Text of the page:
Level 1 charging can take days to fully charge. Level 2 may take six to eight hours to fully charge an EV depending on battery size. With both level 1 and 2 charging, the vehicle utilizes the onboard charger that converts alternating current AC to direct current DC. The rate of charge is governed by the output of the onboard charger.
Level 3 DC fast charging requires an electric supply of 440-480 volts with 100 to 300 Amps. Not all DC fast chargers charge at the same rate. For example, a 50kW charger could take up to 2.5 hours to fully charge a Ford Mustang Mach-E with a 98-Kilowatt hour battery (kWh). In comparison, a 100kW charger can charge to 80% in less than one hour.
One of the first things many departments will realize is they do not have the necessary voltage and amperage required for fast charging. This is where some of the biggest costs and investment will incur. A large percentage of locations will need transformers and additional electric service installed. Basic calculations for charging stations is:
Voltage x Amperage for Wattage (Watts = VxA).
Why is this important to understand? Most departments will run into operational concerns with available electric supply issues and delays in construction and permitting. Charge times will greatly affect how quickly EVs can be charged and available for patrol. Determining what type of charging levels your patrol fleet will need will depend upon adequate downtime or dwell time for each vehicle in comparison to charging.
Some good news is that other than Tesla, all American made and imported electric vehicles into this country will have a standard Combine Charging System Connector (CCS). The top portion is for type 2 connectors for AC charging. During DC fast charging, both the top and bottom sections are utilized to carry high power. Level 3 DC fast charging come in many different names and programs. Tesla has its own proprietary chargers with special plug for Tesla owners, but Tesla owners can use an adapter to use other band or types of chargers.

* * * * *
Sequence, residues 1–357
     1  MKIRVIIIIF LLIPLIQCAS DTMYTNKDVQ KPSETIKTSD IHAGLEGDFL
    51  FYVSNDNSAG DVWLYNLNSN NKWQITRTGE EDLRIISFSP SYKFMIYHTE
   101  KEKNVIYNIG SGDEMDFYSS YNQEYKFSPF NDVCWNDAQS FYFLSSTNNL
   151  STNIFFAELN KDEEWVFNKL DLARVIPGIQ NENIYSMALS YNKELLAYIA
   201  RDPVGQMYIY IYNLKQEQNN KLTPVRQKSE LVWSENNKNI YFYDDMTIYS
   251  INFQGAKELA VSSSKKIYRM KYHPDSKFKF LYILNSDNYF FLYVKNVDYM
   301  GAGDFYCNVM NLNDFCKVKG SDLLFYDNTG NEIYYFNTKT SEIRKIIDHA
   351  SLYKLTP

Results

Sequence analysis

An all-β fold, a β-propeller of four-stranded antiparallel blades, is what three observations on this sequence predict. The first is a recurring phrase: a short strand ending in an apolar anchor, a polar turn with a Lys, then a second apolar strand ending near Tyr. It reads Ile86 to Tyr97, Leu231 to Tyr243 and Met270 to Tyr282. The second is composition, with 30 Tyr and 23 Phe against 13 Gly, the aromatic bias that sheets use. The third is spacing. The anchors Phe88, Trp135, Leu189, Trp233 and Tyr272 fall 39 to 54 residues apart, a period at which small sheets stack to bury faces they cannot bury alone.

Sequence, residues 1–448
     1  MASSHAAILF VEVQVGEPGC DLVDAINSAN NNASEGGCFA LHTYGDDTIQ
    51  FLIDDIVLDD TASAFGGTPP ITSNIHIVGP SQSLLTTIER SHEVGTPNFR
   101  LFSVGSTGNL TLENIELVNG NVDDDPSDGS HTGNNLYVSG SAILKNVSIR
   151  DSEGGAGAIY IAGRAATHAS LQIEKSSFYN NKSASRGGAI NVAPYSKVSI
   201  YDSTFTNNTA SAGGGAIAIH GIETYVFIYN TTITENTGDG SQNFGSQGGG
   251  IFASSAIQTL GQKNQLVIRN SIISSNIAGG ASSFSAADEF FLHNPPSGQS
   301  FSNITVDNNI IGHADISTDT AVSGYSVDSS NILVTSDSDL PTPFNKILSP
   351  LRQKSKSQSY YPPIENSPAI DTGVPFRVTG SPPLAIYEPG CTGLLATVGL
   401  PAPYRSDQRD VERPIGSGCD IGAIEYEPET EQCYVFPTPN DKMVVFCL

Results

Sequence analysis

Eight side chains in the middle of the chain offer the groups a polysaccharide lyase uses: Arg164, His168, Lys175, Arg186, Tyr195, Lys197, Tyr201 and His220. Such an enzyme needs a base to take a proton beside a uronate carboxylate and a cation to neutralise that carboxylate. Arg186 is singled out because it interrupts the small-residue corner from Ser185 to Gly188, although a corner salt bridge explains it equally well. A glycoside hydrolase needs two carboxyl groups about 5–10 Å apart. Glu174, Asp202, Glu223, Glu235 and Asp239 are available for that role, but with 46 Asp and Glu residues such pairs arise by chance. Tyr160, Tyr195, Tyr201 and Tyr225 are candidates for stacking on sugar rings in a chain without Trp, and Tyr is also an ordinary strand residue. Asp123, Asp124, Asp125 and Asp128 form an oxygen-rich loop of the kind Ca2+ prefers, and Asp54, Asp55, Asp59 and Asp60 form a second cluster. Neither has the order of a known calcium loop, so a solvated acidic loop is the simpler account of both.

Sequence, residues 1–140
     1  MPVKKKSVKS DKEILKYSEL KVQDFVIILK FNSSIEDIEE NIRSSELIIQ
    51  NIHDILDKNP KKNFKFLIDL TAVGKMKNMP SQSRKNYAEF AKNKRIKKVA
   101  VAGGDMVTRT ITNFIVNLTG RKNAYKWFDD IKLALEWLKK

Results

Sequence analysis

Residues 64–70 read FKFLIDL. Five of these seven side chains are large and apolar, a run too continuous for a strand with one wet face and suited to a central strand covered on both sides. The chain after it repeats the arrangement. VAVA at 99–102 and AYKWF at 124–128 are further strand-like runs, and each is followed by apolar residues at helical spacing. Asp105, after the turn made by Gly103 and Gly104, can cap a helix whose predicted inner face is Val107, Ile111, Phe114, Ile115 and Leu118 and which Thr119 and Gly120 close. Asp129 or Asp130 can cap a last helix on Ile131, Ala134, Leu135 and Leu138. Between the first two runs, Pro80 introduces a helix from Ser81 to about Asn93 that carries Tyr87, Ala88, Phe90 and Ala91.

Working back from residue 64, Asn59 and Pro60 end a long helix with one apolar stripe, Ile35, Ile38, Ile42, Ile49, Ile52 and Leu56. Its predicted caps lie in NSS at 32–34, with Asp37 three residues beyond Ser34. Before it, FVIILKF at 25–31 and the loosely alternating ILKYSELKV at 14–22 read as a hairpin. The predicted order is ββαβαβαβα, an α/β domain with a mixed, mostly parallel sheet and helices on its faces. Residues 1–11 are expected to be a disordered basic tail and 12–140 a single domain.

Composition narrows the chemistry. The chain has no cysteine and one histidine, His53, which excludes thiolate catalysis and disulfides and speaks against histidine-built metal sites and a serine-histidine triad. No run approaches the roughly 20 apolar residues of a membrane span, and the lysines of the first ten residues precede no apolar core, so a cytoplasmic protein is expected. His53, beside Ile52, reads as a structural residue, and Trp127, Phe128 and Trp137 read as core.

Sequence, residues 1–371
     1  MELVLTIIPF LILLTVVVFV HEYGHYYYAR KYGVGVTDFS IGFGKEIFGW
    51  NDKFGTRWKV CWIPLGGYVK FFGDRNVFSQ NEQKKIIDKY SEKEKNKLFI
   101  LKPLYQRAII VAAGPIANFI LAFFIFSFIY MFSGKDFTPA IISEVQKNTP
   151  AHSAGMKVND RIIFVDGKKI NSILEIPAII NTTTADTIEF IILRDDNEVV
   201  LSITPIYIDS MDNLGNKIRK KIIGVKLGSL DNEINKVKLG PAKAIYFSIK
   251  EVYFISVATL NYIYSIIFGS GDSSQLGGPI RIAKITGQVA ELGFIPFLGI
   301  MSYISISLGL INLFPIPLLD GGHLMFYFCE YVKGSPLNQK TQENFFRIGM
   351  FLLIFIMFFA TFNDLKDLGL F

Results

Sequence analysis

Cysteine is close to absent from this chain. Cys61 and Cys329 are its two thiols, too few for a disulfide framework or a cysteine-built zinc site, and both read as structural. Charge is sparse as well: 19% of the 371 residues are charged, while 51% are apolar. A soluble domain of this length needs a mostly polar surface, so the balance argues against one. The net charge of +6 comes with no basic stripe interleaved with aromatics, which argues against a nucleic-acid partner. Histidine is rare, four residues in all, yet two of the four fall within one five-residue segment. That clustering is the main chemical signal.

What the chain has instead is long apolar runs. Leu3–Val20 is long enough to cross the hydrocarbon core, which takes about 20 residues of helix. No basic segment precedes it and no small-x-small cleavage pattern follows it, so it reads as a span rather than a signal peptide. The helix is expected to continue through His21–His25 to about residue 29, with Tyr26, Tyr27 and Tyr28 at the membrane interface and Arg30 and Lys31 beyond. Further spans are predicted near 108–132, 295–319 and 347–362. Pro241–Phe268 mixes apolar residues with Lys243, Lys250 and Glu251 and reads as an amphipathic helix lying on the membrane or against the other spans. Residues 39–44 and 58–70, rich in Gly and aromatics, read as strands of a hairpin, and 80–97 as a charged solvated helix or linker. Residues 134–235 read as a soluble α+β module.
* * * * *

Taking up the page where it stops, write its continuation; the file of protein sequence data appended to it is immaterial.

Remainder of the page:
Calculating EVSE Requirements
EV batteries also come in many different sizes and internal materials that seem to be rapidly changing. Battery size will play a role in the operational range of the vehicle and the amount of time to recharge a drained battery. The battery charger in the car converts the AC electricity into DC to charge the battery. If a vehicle has a 10kW onboard charger and a 100kWh battery pack, it takes about 10 hours to fully charge.
Time=Battery capacity’s KWh number/Changer power rating
When the vehicle battery’s State-of-Charge (SoC) is greater than 80%, the DC fast charger rate slows considerably; this optimizes battery life and limits the risk of overcharging. This is why manufacturers often claim that fast charging will get you 80% percent in 30 minutes, if charging at 200 kWh. The last 20% could double the time you are hooked up to the fast charger.
The Ford Mustang Mach-E is fitted with an 11kW on-board charger for type 1 & 2 charging. Due to voltage differences, the charge time will increase if plugged into a 110/120v outlet or decrease when plugged into a 220/240v outlet or level 2 charger. To step up or step down voltage, a transformer will be necessary; some locations that do not have 440/480 volts will need a transformer installed. To increase a location's available electrical current (amps), additional service will likely required. The easiest way to understand amperage flow is to think of amps as water. As wire size increases, more amps can be delivered. This is where some of the biggest time delays will come from with permitting and construction.